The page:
A new study by Steven Sheldon and Sol Bee Jung from Johns Hopkins School of Education examines Parent Teacher Home Visits (PTHV), a strategy for engaging educators and families as a team to support student achievement. The PTHV model has three main components: (1) an initial visit in the summer or fall in which educators focus on getting to know the student and the family, (2) ongoing two-way conversation during the school year, and (3) a second visit in the winter or spring with a focus on how to support the child academically. Four large urban districts from across the United States participated in the study. From each district, the researchers requested student-level data about demographic characteristics (e.g., gender, race) and student outcomes (e.g., attendance and standardized test performance). Additionally, districts were asked to provide data about the implementation of PTHV in their schools. Key findings of the study were as...

21 05 2019
Providing free glasses to students in rural China

Nie and colleagues conducted a randomized controlled trial to examine the effects of providing free eyeglasses to junior high school students in a poor rural area of Western China.  In this study, screening and vision testing were provided to 1,974 grade seven and eight students from 31 schools located in northern Shaanxi province in China before they were divided into treatment group and controlled group. Then, free eyeglasses were distributed in treatment schools to students found to need one, regardless of whether they had one already. In contrast, students from the control group schools received an eyeglass prescription for their parents only. The eyeglass usage of the treatment group increased from 31% at the baseline to 72%, while that of the control group increased from 28% to 50%. The study questioned students about their academic aspirations, administered a standardized exam using items drawn from a bank of questions developed by...

21 05 2019
Positive effects of an urban debate league

Johns Hopkins University’s Daniel Shackelford has conducted the first quantitative study examining the effects of participation in an extracurricular debate club during preadolescence on students’ later academic and engagement outcomes, including entry to selective-entrance high schools. Dr. Shackelford examined a 10-year sample of 2,263 4th to 8th graders participating in Baltimore City’s Baltimore Urban Debate League (BUDL) between the 2004 to 2013 school years, comparing their standardized math and reading scores, attendance, and entry to selective-entrance high schools to 81,906 peers who did not participate in BUDL. Ninety-one percent of both groups were African American, and 96% of both groups received free and reduced-price lunch. Results showed that: Among the debate students themselves, preadolescent debate participation yielded more than a 6% increase in reading scores and a 4% increase in math scores on standardized testing. While debate inherently involves reading and might be accountable for increased reading achievement, Dr. Shackelford observes...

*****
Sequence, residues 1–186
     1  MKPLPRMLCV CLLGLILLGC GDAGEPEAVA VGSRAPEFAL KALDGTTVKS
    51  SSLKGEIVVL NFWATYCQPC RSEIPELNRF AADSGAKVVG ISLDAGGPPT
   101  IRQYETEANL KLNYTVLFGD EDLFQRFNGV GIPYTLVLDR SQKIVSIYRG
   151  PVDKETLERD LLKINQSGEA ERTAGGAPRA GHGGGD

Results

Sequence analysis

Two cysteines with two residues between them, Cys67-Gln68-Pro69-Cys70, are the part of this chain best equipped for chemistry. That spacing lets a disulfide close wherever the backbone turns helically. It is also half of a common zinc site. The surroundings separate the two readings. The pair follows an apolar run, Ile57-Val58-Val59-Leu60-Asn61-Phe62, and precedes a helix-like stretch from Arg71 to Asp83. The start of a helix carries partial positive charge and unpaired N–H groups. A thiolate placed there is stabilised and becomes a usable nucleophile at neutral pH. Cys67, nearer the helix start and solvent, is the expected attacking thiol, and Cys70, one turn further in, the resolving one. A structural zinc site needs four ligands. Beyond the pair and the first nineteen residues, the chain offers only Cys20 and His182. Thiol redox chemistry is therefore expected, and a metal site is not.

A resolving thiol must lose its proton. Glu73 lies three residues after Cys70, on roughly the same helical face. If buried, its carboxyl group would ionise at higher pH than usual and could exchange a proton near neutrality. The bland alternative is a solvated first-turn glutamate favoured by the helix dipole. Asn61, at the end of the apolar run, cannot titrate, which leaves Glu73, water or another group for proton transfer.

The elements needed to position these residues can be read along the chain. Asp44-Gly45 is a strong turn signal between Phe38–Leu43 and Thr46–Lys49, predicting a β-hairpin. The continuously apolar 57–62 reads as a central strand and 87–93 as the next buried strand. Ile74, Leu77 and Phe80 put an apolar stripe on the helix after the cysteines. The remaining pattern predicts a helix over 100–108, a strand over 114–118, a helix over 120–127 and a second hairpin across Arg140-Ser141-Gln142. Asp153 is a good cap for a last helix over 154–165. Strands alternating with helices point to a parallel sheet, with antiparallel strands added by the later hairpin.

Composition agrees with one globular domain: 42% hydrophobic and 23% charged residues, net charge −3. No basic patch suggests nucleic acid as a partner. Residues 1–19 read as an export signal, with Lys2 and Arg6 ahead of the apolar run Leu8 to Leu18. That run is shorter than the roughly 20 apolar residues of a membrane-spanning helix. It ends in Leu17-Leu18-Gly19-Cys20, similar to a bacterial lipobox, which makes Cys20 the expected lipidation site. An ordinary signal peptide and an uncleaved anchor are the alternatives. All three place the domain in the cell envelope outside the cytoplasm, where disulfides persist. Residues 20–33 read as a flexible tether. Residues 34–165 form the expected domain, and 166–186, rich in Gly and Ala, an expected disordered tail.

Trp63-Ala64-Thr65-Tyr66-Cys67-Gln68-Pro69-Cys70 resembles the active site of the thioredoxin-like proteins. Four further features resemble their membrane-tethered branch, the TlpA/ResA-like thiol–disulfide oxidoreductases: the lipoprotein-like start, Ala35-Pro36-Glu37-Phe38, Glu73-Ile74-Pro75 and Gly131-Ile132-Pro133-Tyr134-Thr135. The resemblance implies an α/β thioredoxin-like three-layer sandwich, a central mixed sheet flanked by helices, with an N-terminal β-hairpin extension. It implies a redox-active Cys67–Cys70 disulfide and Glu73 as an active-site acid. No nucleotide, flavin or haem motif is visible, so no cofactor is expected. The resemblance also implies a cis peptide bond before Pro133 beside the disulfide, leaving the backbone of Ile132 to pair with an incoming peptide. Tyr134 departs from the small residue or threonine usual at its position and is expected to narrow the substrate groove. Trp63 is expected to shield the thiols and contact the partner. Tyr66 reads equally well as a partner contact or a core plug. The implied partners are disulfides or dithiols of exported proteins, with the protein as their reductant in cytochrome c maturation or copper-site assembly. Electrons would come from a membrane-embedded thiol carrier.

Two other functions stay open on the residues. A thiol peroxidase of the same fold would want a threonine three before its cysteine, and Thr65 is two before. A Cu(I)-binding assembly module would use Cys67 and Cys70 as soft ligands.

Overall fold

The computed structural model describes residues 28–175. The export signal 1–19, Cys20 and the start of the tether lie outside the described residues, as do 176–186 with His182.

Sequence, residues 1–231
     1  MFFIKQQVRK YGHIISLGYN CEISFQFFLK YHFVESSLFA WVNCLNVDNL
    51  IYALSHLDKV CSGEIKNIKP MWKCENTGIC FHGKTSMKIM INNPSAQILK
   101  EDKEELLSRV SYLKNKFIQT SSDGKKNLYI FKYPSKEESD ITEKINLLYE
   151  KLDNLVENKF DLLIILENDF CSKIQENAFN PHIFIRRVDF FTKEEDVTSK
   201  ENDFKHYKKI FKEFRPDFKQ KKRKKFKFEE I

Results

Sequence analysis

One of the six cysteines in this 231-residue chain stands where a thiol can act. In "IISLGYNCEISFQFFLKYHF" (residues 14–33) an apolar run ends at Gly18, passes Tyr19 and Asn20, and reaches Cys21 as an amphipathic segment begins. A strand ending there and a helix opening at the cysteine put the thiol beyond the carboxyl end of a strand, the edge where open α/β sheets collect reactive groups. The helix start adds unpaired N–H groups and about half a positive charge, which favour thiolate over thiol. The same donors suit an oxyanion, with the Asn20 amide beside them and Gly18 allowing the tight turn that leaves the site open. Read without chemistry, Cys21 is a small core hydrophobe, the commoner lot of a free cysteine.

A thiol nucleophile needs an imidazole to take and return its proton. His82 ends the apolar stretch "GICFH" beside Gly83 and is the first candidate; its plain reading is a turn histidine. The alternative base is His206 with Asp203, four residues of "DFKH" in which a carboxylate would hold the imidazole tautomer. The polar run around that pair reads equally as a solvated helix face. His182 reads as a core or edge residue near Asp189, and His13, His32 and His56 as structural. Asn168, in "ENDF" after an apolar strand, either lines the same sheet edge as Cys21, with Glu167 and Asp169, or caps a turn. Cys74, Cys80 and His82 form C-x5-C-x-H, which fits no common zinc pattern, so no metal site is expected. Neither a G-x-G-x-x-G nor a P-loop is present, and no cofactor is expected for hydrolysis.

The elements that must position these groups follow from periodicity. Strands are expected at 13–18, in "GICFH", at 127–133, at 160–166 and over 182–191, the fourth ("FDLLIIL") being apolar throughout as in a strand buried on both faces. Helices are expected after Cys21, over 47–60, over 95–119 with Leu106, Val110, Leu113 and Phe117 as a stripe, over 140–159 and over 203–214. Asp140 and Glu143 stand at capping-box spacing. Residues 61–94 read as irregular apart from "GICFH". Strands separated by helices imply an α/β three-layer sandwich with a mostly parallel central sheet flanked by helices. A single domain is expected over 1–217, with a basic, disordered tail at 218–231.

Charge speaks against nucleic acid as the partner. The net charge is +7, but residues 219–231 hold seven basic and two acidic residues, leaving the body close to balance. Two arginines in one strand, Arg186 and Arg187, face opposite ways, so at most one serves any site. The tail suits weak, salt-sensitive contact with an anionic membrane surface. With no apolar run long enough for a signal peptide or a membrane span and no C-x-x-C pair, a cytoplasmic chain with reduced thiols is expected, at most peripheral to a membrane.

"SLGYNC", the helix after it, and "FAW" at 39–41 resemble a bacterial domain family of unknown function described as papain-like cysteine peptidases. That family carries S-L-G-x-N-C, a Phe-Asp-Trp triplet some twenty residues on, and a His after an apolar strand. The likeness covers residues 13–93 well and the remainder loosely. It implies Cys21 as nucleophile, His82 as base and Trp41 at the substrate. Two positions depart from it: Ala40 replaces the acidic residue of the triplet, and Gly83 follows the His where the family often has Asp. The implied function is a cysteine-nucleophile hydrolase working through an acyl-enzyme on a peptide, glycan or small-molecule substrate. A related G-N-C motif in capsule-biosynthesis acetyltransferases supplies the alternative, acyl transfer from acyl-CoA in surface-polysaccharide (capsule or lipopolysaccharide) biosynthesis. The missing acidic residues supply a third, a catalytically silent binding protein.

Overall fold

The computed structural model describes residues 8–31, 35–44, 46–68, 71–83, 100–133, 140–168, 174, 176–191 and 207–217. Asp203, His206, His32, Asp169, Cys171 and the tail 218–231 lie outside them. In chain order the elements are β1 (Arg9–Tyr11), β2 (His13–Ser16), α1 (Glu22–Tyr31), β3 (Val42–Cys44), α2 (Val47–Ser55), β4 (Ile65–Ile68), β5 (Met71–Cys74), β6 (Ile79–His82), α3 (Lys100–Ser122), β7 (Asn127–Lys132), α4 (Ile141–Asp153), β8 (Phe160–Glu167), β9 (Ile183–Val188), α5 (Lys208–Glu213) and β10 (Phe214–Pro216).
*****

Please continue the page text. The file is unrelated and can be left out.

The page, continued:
08 05 2019
Parent-teacher meetings and student outcomes

Engaging parents in their children’s education, both at home and at school, can be an effective and low-cost way of improving learning outcomes for students. A study published in European Economic Review examines whether academic achievement can be improved by increasing parental involvement through scheduled parent-teacher meetings. Asad Islam conducted the randomized controlled trial in schools in two southern districts of Bangladesh. Seventy-six primary schools were chosen randomly from more than 200 in these regions, with 40 schools randomly allocated to the intervention group and 36 to the control group. Students in these schools all came from low socioeconomic backgrounds, and a quarter of parents did not complete primary school. The intervention involved monthly face-to-face meetings between parents and teachers over a period of two academic years. At each 15-minute meeting, teachers discussed with parents their child’s academic progress and provided them with a report card for their child. Student achievement outcomes were measured...

08 05 2019
Does school entry age matter?

In the UK, children usually start elementary school in the academic year in which they turn five. However, because entry rules vary across local districts, some schools may defer entry for children born later in the year until the second or third term. A new study by the Centre for Research and Analysis of Migration (CReAM) at University College London looks at what impact an earlier versus later entry into Reception has on students' cognitive and non-cognitive skills up until age 11 (their final year of primary school). Christian Dustmann and Thomas Cornelissen analyzed information on more than 400,000 children born in 2000-01 who attend state schools in England and whose records are included in the National Pupil Database. This was combined with information on more than 7,000 children born in 2000-01 who took part in the Millennium Cohort study. The researchers found that Receiving an extra month of schooling before age...

10 04 2019